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Another Video Game Risk to Watch Out For

FRIDAY, Aug. 2, 2019 (HealthDay News) -- Video games carry labels with an age-related rating, typically based on the level of violence, strong language and sexual content. But that's not the only guideline to consider.

An industry group called the Entertainment Software Rating Board (ESRB) sets the ratings. Look closely at the video game box or information on a game app and you'll also find "content descriptors." There are 30 in all. These are more specific details about what led to the game's rating -- from the amount of blood and gore, to sex, to substances like alcohol and drugs.

Also look for mention of "interactive elements." These are additional game features, such as a player's ability to interact with other players, and purchase goods and services through the game or app. You should consider interactive elements and content descriptors as carefully as age appropriateness when deciding if a game is right for your child. The content descriptors, in particular, give you an idea of what your child will see during the game.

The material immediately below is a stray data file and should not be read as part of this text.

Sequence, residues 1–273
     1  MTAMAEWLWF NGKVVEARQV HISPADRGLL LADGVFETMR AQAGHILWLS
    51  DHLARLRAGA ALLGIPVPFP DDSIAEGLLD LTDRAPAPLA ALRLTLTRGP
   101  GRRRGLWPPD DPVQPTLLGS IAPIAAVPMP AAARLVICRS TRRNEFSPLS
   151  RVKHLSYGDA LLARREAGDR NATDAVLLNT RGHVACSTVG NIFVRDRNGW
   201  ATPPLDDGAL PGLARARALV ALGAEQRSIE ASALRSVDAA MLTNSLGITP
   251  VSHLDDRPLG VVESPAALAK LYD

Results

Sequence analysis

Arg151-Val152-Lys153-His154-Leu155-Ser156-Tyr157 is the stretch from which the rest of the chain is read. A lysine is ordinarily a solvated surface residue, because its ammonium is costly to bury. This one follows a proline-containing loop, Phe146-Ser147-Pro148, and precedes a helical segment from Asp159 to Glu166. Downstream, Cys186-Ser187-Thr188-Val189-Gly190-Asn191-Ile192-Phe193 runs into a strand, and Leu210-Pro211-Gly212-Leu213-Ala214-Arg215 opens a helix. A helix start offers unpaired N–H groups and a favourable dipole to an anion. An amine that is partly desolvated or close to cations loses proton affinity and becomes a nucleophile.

Sampling of Content Descriptors:

  • Alcohol reference
  • Drug reference
  • Intense violence
  • Nudity
  • Real gambling
  • Sexual violence
  • Tobacco use

According to studies done in the United States and in the United Kingdom, one of the most under-reported content descriptors is smoking. In one survey, researchers found that only 8% of games that featured smoking carried the tobacco descriptor.

The U.S. Surgeon General has concluded that exposure to tobacco use in films promotes youth smoking. Video games are likely to provide the same bad influence.

The American Academy of Pediatrics suggests that parents set time limits on kids' gaming. It's also a good idea to play some video games with your kids to monitor their exposure to tobacco, drugs and alcohol. Use the time together to reinforce your family's stand on these substances.

You can also lobby for better ratings by contacting the ratings board online at esrb.org/about.

More information

For a video game ratings guide, visit the Entertainment Software Rating Board.

By Len Canter
HealthDay Reporter

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